Social media connects more and more people every day. For some, social media is a necessary evil, while for others, it’s a chance to post every detail of their day-to-day life, no matter how minor. In this modern era, social media in the workplace is common, as employees often check their Facebook, Instagram, Twitter, and other social media accounts frequently throughout the day.
However, it’s important to exercise restraint regarding what you post on social media, especially if you have a workers’ compensation claim.
To better understand what this means, we have to first understand what workers’ compensation is? It’s insurance that a company has that pays an employee wages if that employee gets injured on the job. Each state has its own set of regulations that govern how the process works. There are a few mistakes to avoid after getting injured on the job, although the general process is similar from state to state.
Now, you may be wondering what are the effects of social media on your workers’ compensation claim. If you use social media responsibly, there won’t be any effect on your claim. But it’s important to keep in mind that the insurance company paying your claim and its lawyers are always on the lookout for workers’ compensation fraud, where an employee lies about how an injury occurred or the severity of their injury to collect a check without working.
As long as your claim is legitimate, you typically don’t have anything to worry about. Despite that, it’s still wise to watch what you post on social media, because you don’t want to give the wrong impression to the insurance company. Misunderstandings can occur very easily with social media posts, and it would be a major inconvenience to need to look for personal injury lawyers simply because you made an ill-advised social media post and the insurance company felt you were committing workers’ compensation fraud.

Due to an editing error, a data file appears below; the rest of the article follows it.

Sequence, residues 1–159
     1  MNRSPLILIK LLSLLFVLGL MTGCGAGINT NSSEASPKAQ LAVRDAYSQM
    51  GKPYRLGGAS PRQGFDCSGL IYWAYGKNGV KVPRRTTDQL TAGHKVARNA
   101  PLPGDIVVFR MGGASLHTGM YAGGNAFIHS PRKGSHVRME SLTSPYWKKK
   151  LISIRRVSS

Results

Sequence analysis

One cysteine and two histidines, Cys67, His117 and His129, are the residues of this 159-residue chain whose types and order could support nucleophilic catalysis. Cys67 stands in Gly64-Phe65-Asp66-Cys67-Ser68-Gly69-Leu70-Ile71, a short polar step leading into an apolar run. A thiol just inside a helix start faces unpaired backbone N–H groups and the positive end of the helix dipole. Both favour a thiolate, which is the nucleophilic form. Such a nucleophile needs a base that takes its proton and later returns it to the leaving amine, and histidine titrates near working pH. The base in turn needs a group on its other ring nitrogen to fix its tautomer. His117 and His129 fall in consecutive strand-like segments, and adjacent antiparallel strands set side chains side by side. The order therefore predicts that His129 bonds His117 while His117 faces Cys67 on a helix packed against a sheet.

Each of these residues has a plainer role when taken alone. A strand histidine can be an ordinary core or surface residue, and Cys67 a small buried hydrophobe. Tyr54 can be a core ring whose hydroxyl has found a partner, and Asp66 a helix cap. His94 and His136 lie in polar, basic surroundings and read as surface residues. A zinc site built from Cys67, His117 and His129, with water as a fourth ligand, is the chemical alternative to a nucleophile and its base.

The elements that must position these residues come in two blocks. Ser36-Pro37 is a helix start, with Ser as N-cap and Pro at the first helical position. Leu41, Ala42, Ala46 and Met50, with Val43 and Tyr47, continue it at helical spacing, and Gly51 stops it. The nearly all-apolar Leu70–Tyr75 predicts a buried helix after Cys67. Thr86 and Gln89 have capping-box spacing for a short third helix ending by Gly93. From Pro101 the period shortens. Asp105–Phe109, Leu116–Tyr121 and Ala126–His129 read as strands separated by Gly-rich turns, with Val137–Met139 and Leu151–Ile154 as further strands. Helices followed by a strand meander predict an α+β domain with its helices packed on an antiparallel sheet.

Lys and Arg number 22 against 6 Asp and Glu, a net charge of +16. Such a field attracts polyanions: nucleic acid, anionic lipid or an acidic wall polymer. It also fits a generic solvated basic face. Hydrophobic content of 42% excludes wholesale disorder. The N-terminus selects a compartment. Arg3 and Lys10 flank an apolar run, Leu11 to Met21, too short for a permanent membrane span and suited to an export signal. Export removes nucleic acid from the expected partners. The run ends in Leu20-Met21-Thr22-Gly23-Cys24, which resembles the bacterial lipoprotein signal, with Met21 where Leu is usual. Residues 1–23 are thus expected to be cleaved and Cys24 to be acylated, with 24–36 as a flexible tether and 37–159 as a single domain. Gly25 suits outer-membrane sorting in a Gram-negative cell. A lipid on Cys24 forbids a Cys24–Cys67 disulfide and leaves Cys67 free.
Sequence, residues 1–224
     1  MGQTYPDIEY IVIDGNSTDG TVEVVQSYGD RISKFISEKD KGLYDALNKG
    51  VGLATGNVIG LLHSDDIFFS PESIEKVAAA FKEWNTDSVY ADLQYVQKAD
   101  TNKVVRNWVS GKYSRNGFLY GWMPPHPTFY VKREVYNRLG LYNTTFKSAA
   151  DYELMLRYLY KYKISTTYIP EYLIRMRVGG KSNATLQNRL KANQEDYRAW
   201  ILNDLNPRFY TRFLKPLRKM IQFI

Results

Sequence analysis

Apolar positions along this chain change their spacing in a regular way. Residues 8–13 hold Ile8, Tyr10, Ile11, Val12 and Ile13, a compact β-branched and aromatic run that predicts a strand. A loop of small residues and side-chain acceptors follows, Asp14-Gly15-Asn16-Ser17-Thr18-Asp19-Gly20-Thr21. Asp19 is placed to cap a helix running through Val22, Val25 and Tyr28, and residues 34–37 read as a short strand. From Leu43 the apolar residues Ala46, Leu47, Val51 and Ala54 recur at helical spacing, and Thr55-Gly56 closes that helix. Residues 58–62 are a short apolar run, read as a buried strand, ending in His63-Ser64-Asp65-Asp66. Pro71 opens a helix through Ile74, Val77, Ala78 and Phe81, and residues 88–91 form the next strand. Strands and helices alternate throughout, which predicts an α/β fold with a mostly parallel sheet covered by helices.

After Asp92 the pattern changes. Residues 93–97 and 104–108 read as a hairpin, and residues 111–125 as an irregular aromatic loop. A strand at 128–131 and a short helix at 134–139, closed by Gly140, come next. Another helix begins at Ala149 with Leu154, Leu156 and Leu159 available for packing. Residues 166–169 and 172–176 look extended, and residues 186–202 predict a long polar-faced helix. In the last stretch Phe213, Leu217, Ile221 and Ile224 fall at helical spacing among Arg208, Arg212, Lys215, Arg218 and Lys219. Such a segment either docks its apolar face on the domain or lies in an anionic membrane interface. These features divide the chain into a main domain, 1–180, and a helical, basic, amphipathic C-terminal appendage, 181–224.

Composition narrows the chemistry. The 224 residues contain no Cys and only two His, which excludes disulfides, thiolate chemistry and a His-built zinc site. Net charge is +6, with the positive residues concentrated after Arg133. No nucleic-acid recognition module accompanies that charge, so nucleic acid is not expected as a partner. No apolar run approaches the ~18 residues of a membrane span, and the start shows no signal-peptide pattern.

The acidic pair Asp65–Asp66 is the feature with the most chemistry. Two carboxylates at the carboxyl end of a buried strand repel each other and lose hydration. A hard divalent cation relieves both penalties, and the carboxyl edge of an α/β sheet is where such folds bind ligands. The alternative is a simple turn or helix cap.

Don’t think that insurance companies and attorneys are watching your activities? Just take a moment and read this whitepaper on the importance of social media in sniffing out workers’ compensation fraud. In that whitepaper, one executive from a company that administers workers’ compensation claims says:
“It’s really amazing what people put on Facebook, and then brag about it,”
He then tells the reader of that whitepaper:
“You’re looking for an indication of activity they’re talking about that they’re not supposed to be doing.”
They’re watching, so you should be careful.
There are several things to avoid posting when you have a submitted a claim. One type of post that can cause the most significant issues is anything related to physical activity if you have a debilitating injury or if you’re supposed to be taking time off from work to rest. For example, if you’re receiving workers’ compensation and are under doctor’s orders to minimize physical exertion, you definitely shouldn’t post any pictures, videos or comments about hitting the gym or playing sports. The insurance company could see that and deny your claim going forward or charge you with fraud, claiming either that you clearly exaggerated your injuries or that you weren’t making an effort to get better.